Have I wanted my neighbor’s spouse, his workers, or his property to be mine? Have I tried to win the affections and loyalties of my neighbor’s spouse or children or friends away from the neighbor to me? Have I urged friends and spouses and workers to go back to their calling, holding their marriages, friendships, families, and work together? Have I fostered discontent with the congregation, its pastor or leaders, and failed to urge members to stay and do their duty in worship, praying, giving and serving?
What does God say of all these Commandments? I the LORD your God am a jealous God, visiting the iniquity of the fathers upon the children unto the third and fourth generation of them that hate Me, and showing mercy unto thousands of them that love Me and keep My commandments.
What does this mean? God threatens to punish all that transgress these commandments. Therefore we should dread His wrath and not act contrary to these commandments. But He promises grace and every blessing to all that keep these commandments. Therefore we should also love and trust in Him, and gladly do according to His commandments.
God demands our hearts and minds, not merely our outward actions. Therefore, examine the heart as well as the life, connecting the fear and love of God with each commandment. Let the broken heart fear him. God loves, and does not despise, the sacrifices of the broken heart. Rather, he joins the broken heart to his mercy for forgiveness and healing, for peace and purity.U
What purposes does the law serve? There are three. First, the Law helps to control violent outbursts of sins and keeps order in the world. The Law acts as a curb.
Second, the Law accuses us and shows us our sin. The Law is a mirror. Self-examination and reflection, as we have done here today, makes use of the Law as mirror. A mirror can show you that your hair is messed up, that your face is dirty, or that you have a zit. The mirror cannot, however, comb you hair, clean your face, or medicate your pimple. “What sins do I have to confess?” you may have been asking yourself. Now you know, especially after considering your place in life according to the Ten Commandments.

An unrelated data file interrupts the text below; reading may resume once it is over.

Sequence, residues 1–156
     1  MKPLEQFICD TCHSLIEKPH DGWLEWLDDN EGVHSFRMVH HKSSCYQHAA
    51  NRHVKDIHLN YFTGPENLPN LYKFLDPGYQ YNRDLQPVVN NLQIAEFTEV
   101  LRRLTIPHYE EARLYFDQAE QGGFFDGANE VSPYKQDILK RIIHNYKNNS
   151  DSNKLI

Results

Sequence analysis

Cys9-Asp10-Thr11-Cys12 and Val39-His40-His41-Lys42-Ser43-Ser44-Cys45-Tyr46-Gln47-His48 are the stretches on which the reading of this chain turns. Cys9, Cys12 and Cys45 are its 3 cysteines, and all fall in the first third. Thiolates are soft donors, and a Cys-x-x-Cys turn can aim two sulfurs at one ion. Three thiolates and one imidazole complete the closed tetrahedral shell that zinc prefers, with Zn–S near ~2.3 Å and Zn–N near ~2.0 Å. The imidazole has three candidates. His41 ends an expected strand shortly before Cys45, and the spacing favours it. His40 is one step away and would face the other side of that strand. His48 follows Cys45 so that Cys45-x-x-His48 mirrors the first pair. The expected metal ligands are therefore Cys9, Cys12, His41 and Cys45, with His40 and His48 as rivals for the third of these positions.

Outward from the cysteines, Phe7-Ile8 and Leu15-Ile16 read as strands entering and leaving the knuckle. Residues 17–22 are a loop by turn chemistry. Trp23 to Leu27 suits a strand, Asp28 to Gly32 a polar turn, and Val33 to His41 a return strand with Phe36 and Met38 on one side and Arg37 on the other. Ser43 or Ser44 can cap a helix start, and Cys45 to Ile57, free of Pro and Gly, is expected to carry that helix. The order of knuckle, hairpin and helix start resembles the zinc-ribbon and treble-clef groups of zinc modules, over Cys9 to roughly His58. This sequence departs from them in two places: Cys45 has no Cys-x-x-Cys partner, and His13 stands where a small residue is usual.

Now, the Gospel comes in and forgives your sins. Your slate is wiped clean. Your sins are washed away. Your relationship with God is restored by Christ. Confession is always for the sake of absolution.
And then, you ask yourself, “What is pleasing to God?” You ask by faith, not in the way of, “Lord, PLEASE forgive me because of what I’ll do for you,” but instead, “THANK YOU, Lord for forgiving me my sin.” The Third use of the Law teaches us Christians what we should and should not do to lead a God-pleasing life. The Law here is a guide. The power to live according to the Law comes only from the Gospel.
People today think you get to heaven by being good. Just ask them. We’re not saved by being good. We’re saved only by Jesus. “Good Teacher, what must I do to inherit eternal life?” Jesus answered by bringing up the Ten Commandments. The man wrongly thought he had kept them all. Don’t make his mistake. Use the Commandments to prepare for confession, receive Jesus’ absolution, and put your faith in Christ, who kept the Commandments perfectly in your place. Amen.
In the Name of the Father and of the + Son and of the Holy Spirit. Amen.